In the story, “The Chosen,” by Chaim Potok, the Hasidic young man, Danny Saunders, is a mental prodigy, who has been raised by his father, the Rebbe, in silence. It seemed harsh and cruel, but at the end of the story, Reb Saunders explains,

“”My father … taught me with silence. . . . One learns of the pain of others by suffering one’s own pain, by turning inside oneself, by finding one’s own soul. And it is important to know of pain. It destroys our self-pride, our arrogance, our indifference toward others. It makes us aware of how frail and tiny we are and of how much we must depend upon the Master of the Universe. . . .  I did not want my Daniel to become like my brother, may he rest in peace. Better I should have had no son at all than to have a brilliant son who had no soul. . . .  And I had to make certain his soul would be the soul of a tzaddik no matter what he did with his life.”

Silence can be healing, but it also can be painful. My father had spinal meningitis when he was 16, and lost his hearing. I always thought of him as normal, because that is how I always knew him. He has never heard my voice or my mother’s, but he is a lip reader, so we have had normal conversations. When the cochlear implant procedure was perfected, everyone urged him to have the surgery. He was sitting out by the pool at his condo and Sam, one of the men, kept nudgering him to have the implant. Finally, my dad asked Sam if he knew how much the surgery would cost. Sam said about $25,000.00. He asked Sam if he thought my dad had the money. Sam said yes. My dad commented that Sam sits around the pool every day. Sam nodded his head. My dad asked Sam if he would pay $25,000.00 to listen to the crap everyone says around the pool. Later, my dad explained that he gets by without hearing to talk with people just fine. He wanted to be able to hear music. For him, the trauma of his deafness gave way to a peaceful, quiet world. He had become accustomed to it. Years later, he had the surgery, but it failed. All he heard was noise.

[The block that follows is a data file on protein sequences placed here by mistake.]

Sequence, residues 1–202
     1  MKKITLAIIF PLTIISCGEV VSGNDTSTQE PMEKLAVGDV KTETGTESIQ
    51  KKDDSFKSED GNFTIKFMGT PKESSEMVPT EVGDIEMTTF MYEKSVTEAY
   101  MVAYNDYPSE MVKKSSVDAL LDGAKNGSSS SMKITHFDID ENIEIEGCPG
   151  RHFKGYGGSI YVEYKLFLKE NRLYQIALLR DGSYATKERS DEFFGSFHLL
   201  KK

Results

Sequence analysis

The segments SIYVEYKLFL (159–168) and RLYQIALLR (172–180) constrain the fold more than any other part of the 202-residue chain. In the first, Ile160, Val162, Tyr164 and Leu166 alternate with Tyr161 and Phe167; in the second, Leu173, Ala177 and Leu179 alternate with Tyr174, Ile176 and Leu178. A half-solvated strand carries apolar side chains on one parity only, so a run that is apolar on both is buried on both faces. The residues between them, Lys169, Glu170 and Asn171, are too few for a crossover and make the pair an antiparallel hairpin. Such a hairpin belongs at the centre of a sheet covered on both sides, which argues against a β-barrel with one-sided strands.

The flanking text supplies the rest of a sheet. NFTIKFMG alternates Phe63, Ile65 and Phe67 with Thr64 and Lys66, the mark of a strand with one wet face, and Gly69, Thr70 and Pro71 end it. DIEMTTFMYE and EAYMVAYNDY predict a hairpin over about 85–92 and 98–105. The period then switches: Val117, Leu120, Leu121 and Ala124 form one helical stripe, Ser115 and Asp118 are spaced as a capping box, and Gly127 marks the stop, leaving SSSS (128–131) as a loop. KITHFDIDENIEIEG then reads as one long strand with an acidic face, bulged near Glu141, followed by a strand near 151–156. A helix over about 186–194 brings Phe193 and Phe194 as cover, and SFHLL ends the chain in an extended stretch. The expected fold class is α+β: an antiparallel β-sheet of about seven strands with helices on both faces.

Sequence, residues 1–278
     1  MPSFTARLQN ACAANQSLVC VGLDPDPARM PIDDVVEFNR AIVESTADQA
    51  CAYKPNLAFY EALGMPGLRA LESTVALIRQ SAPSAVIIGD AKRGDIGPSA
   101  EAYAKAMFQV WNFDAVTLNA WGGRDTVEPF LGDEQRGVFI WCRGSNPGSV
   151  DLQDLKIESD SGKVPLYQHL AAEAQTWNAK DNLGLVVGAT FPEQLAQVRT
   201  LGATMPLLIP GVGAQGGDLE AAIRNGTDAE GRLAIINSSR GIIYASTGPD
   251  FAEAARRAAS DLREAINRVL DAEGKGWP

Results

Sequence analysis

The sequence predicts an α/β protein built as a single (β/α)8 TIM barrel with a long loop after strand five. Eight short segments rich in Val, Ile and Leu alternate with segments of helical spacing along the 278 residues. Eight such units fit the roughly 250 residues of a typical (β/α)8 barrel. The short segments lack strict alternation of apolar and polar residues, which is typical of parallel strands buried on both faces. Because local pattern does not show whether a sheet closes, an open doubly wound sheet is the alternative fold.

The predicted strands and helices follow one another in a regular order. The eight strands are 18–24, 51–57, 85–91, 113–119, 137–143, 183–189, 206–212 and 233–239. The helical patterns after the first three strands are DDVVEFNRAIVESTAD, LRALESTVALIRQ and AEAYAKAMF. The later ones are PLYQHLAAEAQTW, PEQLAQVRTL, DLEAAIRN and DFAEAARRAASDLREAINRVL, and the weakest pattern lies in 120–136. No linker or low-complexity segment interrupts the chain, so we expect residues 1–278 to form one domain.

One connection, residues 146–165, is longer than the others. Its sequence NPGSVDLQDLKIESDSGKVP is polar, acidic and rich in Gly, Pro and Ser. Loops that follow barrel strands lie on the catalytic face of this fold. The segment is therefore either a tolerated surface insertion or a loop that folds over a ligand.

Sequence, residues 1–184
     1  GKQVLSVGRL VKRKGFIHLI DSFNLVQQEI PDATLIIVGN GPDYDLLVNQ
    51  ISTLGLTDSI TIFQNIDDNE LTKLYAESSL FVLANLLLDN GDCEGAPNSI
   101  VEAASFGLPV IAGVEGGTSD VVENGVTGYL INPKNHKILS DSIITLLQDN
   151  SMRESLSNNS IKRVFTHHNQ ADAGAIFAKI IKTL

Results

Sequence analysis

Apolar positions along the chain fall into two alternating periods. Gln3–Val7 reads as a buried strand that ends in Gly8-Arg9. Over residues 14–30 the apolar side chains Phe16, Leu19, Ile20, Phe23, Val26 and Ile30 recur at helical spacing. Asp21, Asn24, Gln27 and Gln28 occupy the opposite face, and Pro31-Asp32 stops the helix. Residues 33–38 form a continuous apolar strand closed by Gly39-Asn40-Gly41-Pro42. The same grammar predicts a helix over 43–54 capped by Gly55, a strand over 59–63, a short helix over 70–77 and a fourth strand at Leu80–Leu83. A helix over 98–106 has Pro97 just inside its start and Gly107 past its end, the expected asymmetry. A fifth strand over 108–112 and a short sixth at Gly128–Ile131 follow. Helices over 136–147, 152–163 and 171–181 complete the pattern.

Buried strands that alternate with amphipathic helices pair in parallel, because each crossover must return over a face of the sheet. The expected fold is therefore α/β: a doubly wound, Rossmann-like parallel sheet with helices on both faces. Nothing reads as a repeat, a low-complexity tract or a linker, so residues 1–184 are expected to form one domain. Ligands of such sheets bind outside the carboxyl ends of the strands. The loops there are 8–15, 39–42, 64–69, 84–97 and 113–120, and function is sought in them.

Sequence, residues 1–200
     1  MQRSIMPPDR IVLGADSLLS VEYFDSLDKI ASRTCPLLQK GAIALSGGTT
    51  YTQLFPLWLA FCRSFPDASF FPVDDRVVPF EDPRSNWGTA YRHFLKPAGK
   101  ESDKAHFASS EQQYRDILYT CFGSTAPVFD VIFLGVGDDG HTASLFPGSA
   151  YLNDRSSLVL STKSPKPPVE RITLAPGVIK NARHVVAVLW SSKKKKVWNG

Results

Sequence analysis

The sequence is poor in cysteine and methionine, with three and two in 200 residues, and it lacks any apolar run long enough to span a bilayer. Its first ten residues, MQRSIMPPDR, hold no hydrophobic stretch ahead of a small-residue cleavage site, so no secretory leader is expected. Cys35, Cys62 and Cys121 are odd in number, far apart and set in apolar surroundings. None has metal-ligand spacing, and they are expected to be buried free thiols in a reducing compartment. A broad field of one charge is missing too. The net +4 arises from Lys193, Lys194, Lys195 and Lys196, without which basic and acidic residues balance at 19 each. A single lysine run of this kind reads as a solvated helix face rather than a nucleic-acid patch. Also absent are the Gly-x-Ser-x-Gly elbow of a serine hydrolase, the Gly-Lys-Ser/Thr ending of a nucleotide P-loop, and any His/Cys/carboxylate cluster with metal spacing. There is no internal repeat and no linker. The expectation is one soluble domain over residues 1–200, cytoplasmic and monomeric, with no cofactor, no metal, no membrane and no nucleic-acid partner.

We are exhorted to let our deeds be many and our words few. Words can comfort and heal, but words can also be no more than noise. We need to be intentional about how we use words, and make sure we aren’t just creating noise. We are intended to have a healing effect on the world. Much of that healing is done in silence.

]]>
daily living Fri, 04 Mar 2011 23:47:34 +0000